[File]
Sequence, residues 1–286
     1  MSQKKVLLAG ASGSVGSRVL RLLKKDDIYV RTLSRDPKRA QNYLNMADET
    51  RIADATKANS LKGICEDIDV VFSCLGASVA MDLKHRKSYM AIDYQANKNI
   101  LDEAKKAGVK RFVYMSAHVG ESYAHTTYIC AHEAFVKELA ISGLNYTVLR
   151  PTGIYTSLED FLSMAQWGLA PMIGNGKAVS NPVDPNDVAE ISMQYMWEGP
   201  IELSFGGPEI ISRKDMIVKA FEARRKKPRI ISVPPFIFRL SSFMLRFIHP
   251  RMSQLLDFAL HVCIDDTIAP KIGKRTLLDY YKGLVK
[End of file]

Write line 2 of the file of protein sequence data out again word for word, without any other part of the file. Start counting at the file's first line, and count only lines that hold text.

     1  MSQKKVLLAG ASGSVGSRVL RLLKKDDIYV RTLSRDPKRA QNYLNMADET